BSR Conference 2011: Redefining Leadership
In Conversation With Rhonda Zygocki
- Rhonda Zygocki, Executive Vice President, Policy and Planning, Chevron Corporation
- Aron Cramer, President and CEO, BSR (Moderator)
Chevron’s challenge is to provide accessible and affordable energy to current and future customers. In order to meet that challenge, more research and development, efficiency, and natural gas are needed.
Leadership is about a focus on value drivers in tandem with results. Chevron focuses on value through safety and community engagement, which help drive sustainability throughout its business.
“Where is the best place for CSR to fit? The official answer is that it can work in a lot of different functions. In my personal view, however, strategy functions as the most important place for CSR.” —Aron Cramer, BSR
“More R&D, more efficiency, more natural gas. Can we make all of those things without a price on carbon? If a price goes on carbon, prices will go up.” —Rhonda Zygocki, Chevron Corporation
“We were talking about resource scarcity five years ago. Now with unconventional gas and potential pre-salts in Brazil, we may be looking at a 50-year supply of energy.” —Rhonda Zygocki, Chevron Corporation
Zygocki opened the session with the bold statement that there is no longer a CSR department at Chevron because corporate responsibility is integrated into every aspect of the company’s operations. As leader of strategy and planning of Policy, Government and Public Affairs, and Health, Environment and Safety at Chevron, Zygocki’s role is to understand the management of the business in a world of eroding public trust, changing issues, and shifting public policy, all of which are accelerating and occurring over multiple dimensions.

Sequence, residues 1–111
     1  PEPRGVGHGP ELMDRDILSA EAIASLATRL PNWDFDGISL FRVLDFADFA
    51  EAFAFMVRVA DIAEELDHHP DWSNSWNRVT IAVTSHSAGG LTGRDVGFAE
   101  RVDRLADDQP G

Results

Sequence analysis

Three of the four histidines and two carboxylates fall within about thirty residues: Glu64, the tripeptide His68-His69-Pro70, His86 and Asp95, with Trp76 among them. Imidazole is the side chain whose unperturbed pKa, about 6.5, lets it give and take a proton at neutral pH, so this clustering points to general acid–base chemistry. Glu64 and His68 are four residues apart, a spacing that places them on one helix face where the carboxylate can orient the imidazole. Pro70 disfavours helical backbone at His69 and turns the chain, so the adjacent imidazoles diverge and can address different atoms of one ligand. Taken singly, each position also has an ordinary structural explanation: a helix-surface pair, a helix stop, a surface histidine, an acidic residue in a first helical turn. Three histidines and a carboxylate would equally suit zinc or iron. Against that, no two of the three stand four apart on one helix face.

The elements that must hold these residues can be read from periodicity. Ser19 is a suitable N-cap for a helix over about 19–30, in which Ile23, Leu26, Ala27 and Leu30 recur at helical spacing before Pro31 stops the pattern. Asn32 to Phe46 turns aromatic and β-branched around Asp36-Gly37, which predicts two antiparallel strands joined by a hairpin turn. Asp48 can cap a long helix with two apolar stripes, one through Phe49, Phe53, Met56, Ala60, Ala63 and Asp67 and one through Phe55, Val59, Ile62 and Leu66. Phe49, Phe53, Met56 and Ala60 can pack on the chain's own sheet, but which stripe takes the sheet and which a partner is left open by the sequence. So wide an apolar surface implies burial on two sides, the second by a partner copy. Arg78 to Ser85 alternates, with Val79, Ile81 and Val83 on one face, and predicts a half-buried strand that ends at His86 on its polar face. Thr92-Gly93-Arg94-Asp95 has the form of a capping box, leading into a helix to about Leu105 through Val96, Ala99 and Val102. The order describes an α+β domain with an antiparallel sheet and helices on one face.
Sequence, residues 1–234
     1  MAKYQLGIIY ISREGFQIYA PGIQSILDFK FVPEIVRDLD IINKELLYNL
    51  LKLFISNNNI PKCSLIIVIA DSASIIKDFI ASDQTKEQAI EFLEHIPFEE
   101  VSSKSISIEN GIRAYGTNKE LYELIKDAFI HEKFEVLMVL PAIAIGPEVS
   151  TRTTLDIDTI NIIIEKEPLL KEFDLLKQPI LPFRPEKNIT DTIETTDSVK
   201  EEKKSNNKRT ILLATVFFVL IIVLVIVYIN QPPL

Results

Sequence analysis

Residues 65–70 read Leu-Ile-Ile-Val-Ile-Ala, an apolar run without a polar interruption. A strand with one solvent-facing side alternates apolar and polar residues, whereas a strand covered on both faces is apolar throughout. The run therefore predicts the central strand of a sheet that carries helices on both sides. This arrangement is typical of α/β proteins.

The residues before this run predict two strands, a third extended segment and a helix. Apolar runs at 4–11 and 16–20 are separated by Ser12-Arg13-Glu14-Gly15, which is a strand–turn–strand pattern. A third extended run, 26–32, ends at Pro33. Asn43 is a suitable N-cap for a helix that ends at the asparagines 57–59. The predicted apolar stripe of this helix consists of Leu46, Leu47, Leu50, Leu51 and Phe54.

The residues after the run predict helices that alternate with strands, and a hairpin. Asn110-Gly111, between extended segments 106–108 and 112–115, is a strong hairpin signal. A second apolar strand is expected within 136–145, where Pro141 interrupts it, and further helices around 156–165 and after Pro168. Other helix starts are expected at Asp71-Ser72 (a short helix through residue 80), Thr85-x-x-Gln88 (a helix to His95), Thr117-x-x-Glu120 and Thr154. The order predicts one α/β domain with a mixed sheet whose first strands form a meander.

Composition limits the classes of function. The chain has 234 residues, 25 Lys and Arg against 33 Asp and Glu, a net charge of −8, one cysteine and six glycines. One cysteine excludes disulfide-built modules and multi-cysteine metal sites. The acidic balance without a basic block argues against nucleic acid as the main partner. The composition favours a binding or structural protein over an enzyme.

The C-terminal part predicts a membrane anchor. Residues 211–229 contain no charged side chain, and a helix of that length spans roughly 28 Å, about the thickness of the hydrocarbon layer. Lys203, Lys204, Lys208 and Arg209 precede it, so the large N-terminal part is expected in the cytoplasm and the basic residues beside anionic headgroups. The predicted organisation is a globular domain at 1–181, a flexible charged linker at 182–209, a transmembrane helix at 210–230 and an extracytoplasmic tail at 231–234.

Leadership in the company focuses not only on being results-driven, but being values-driven. Such leadership is a result of integrating values like safety into the culture of the entire business. Zygocki explained how Chevron identified safety as a key component of responsible business, and thus created a culture that supported safety across the business units.
Another example that Zygocki offered was Chevron’s aboveground risk management. While engagement had previously been driven by regulation, Chevron’s current policy is to engage early, often, and throughout the life of a project. Site leaders are trained to identify risks and develop an engagement plan with stakeholders. While employees are measured on the execution of projects and not on engagement plans directly, there is inherent understanding that aboveground engagement drives successful project execution.
As a Fortune 5 company operating across 30 countries, Chevron faces divergent demands from its stakeholders: Customers seek low prices, communities seek employment and economic development, and the State of California seeks renewable energy at a lower cost.
The big challenge Chevron faces is to serve the energy demand of its present and future customers at an affordable cost. Given the impact of the oil industry on the climate, one way to meet the future energy demands of customers is by investing in nontraditional energy sources. While Chevron is investing in renewable and nontraditional energy sources, the transition to nontraditional energy will take an extensive amount of time. Within the industry, 80 billion barrels of crude oil are sold daily. Such immense consumption habits are not easily changed, nor are renewable energy sources that can meet such demand developed quickly. Zygocki said that in the United States alone, it would take 14 years to transition all vehicles to electric cars.
As Chevron, the industry, and the international community look for new energy sources, the focus may shift from the Middle East to the Americas with unconventional gas, future pre-salts in Brazil, and oil sands development driving the way. Zygocki enforced that the resources are there, the technology can unlock it, and all that is needed is access, which requires the approval of policy makers and the public.
As part of its stakeholder engagement, Chevron partners with governments in high-conflict areas or low-income countries to increase security and economic development. Zygocki said it is imperative that the company’s role is not perceived to replace government leadership or to become involved in politics, but to work cooperatively to support economic development by providing access to markets.
Date and Time
Thursday, November 3, 3-4 p.m.